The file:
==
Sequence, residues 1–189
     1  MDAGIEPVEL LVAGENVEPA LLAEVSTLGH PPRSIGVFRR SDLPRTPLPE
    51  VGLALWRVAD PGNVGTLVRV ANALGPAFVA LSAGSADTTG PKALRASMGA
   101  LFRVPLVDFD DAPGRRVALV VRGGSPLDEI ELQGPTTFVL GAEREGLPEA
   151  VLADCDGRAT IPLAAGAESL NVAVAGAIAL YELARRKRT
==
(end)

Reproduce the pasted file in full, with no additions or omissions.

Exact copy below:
Sequence, residues 1–189
     1  MDAGIEPVEL LVAGENVEPA LLAEVSTLGH PPRSIGVFRR SDLPRTPLPE
    51  VGLALWRVAD PGNVGTLVRV ANALGPAFVA LSAGSADTTG PKALRASMGA
   101  LFRVPLVDFD DAPGRRVALV VRGGSPLDEI ELQGPTTFVL GAEREGLPEA
   151  VLADCDGRAT IPLAAGAESL NVAVAGAIAL YELARRKRT